I stopped baking at home for awhile. You may or may not have noticed. I guess that was the first sign that something was not right. Sure, I was still going to school, and practicing at home by making génoises until I had blisters from all the hand whisking. I even finally succeeded (more than once!) at hand-whisked Italian meringue (with more blisters). But, there was no home-y baking happening, and no baking that was just for me and for the simple pleasure of baking. To be honest, recently even the practicing slowed.
Then last Friday, during the practical class on crème brûlées and crème caramels, I had trouble with the blowtorch, and I couldn't quite get the "brûlée" part right. I only had two tries and I flopped on both, and my heart sank. I was embarrassed. My heart was already not in the right place the entire lab, but those crème brûlées set me over the edge. I was sad and my heart hurt.
My heart hurt with the realization that there are only two weeks left to the basic level of my pâtisserie course and yet, I have trouble with the sugar-top of a crème brûlée. How can the first term already be over? I've only done most of the recipes in our course binder once, so how much could I have actually learned?
Then, I got angry: it's not my fault that I feel this way.
I got angry at my school with its system that gives me only one chance to make each recipe and somehow master and understand it. I am frustrated because regardless of the recipe, I only have 2.5 hours to complete it, from start to finish. That's more than a little aggravating when I'm in the moment and I know that I could do better. Right now, I'm focused on learning and understanding, and I truly feel that speed comes with practice and agility. Yet, I only have the opportunity to bake for a total of 6 hours a week at school (which includes 1 hour of clean-up so really it's 5). That's the amount of time I often put baking for one blog post, depending on the day.
My heart still hurts, but I'm armed with a letter and I'm fighting "the man". I'm fighting for what I love and I'm trying to make it right. Wish me strength as I try to get my point heard and my issues resolved.
In the meantime, I have a tart recipe for you. I have been patiently holding on to this recipe from a Donna Hay magazine from last year (issue 58) and waiting for rhubarb season to begin. Please use good quality chocolate for this recipe because it will make the ganache that much better. I used Cacao Barry chocolate (specifically a combination of their Equateur 76%, St-Domingue 70% and Mexique 66% chocolates). This tart is sinfully good and a great change from the usual rhubarb desserts. Of course, if you don't love rhubarb, just make the tart with fresh raspberries, poached pears...
P.S. Here's a great tip I learned: if you make your ganache incorrectly, you will find that as you stir it, the fats begin to separate from the creamy chocolate mixture and it just won't look right. If this happens, simply add a couple tablespoons of cold milk (or even water), stir, et voilà: silky smooth chocolate ganache.
Dark chocolate and roasted rhubarb tartMakes one 9-inch tart
- 25 grams cocoa powder
- 185 grams all-purpose flour
- 80 grams icing sugar
- 125 grams cold butter, cut into small pieces
- 3 egg yolks
- 2 tbsp cold water (optional, depending on texture of dough)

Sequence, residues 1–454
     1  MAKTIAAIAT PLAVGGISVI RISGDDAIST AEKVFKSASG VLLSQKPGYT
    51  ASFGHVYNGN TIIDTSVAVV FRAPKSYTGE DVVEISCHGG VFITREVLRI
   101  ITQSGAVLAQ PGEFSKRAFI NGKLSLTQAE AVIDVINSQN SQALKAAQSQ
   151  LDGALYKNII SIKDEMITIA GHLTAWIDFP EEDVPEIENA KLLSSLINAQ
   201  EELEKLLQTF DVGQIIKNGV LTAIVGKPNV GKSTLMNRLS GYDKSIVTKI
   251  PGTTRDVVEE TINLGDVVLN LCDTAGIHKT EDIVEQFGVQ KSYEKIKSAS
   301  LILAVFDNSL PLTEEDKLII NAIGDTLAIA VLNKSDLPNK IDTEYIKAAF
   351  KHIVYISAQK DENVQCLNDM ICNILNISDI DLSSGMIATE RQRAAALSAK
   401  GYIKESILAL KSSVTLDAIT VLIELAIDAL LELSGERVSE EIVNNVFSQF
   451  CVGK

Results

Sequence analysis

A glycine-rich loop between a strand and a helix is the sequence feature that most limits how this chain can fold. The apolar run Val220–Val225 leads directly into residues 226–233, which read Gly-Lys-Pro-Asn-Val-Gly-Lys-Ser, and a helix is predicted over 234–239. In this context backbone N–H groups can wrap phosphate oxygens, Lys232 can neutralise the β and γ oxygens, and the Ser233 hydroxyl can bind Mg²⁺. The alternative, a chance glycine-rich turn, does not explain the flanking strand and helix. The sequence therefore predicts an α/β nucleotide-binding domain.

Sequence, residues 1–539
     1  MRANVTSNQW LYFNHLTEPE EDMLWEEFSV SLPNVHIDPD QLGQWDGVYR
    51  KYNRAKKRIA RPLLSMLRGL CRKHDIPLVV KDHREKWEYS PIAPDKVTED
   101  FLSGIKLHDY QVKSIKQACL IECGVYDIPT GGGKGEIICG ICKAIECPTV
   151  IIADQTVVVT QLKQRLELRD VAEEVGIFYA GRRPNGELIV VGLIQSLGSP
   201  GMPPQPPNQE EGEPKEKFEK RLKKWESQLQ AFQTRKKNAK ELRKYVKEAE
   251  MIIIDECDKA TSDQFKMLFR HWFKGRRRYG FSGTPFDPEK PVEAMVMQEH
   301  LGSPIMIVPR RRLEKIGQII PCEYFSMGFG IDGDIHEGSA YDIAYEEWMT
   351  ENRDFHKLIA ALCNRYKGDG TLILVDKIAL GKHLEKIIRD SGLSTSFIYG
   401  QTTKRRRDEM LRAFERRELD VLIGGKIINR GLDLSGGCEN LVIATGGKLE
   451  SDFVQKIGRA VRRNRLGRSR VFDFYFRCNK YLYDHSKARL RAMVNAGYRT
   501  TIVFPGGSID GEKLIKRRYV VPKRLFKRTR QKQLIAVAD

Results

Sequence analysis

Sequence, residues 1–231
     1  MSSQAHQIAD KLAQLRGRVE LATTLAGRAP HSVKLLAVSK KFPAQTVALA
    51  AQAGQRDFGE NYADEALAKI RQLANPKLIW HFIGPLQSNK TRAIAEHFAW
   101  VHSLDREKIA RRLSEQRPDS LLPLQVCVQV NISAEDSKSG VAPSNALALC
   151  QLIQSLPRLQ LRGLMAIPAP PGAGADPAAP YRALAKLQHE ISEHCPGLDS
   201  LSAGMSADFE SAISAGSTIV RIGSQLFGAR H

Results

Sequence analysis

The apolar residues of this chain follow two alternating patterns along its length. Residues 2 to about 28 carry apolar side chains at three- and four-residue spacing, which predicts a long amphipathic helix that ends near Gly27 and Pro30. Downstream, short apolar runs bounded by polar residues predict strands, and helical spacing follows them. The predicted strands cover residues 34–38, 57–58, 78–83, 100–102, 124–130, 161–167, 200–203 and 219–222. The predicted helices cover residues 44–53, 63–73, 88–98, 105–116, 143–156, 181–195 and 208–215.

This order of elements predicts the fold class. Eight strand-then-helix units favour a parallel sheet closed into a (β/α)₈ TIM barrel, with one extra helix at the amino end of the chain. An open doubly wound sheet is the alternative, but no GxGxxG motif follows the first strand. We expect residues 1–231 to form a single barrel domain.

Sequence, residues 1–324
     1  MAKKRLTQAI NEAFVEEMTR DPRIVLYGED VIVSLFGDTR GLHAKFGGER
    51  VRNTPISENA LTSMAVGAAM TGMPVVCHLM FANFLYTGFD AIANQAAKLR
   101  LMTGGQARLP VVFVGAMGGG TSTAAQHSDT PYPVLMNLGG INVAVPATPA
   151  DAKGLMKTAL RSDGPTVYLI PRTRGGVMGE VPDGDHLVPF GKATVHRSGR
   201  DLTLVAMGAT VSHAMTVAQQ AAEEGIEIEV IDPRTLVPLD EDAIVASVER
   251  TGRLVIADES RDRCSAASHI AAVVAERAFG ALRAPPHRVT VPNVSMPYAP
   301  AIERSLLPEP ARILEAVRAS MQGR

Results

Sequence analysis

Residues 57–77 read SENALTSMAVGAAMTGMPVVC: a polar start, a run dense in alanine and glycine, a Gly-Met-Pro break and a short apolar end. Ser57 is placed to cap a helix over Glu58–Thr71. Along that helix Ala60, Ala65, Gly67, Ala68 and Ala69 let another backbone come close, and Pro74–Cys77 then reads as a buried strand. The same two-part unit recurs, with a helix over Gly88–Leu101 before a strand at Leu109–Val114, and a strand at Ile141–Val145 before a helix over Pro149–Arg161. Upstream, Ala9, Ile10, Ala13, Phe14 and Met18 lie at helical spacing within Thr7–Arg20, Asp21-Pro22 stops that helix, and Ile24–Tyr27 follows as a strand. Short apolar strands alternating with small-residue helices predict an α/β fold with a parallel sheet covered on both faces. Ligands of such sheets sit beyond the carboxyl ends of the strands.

- 200 grams rhubarb, washed and trimmed, and cut into 10 cm lengths
- 2 tbsp granulated sugar
- 1 tbsp rosewater
- 300 grams dakr chocolate, chopped
- 250 mL heavy cream
- Extra cocoa powder for dusting over the finished tart
Dark chocolate ganache
To make the chocolate dough
- Sift the cocoa powder, flour and icing sugar into a large bowl.
- Add the cold butter and work it into the flour mixture by rubbing your palms together through the mixture until the mixture resembles fine breadcrumbs.
- Make a well in the center and add the yolks. Work the yolks into the dough with a fork or even your fingers.
- If the dough is slightly dry, add a spoonful or so of cold water until the desired texture is obtained.
- Form the dough into a disk and wrap it in plastic wrap. Refrigerate til firm, or at least for 1 hour.
- Preheat the oven to 350°F.
- Roll out the disk of dough between two pieces of parchment until it is 3 mm thick.
- Line a 9-inch removable bottomed tart pan with the dough and work it into the corners and edges. Trim and neaten it up.
- Freeze the unbaked tart for half an hour or until very, very cold.
- Dock the pastry with a fork and with a 6 mm piping tip, cut out a whole in the center of the tart to allow steam to escape (make sure to cut all the way through and remove the piece).
- Place the tart on a baking sheet and blind bake the tart for about 15–20 minutes until the pastry is fully cooked and appears dry (not glossy).
- Remove the tart from the oven. If there are any bumps of air under the surface of the tart shell, press down very gently with a clothed hand (beware of steam) to release the steam. Let cool before unmolding it carefully and placing it on a plate.
- Toss rhubarb with the sugar and rosewater and bake it on a parchment-lined baking sheet covered with foil, until the rhubarb is tender (about 20 minutes). Let cool completely before using.
- Heat the cream in a small saucepan and when it is steamy, pour it over the chopped chocolate.
- Wait a minute, then begin to stir it from the middle, out, until you obtain a smooth, silky ganache. (if all else fails, see above for my ganache saving tip!). Let the ganache thicken slightly before using.
- Line the bottom of the baked tart shell with the rhubarb.
- Top with ganache, and let the tart set in the fridge for a couple of hours.
- When you are ready to serve the tart, sprinkle the top with some cocoa powder to make it pretty.